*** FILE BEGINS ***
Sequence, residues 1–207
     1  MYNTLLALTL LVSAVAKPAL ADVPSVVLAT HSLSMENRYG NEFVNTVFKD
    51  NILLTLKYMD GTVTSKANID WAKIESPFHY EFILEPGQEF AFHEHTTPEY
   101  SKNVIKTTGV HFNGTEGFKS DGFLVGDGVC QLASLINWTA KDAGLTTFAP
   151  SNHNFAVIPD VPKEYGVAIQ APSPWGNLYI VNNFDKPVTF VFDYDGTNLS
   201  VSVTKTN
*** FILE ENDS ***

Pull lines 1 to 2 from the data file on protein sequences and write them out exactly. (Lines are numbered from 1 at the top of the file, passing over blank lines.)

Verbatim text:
Sequence, residues 1–207
     1  MYNTLLALTL LVSAVAKPAL ADVPSVVLAT HSLSMENRYG NEFVNTVFKD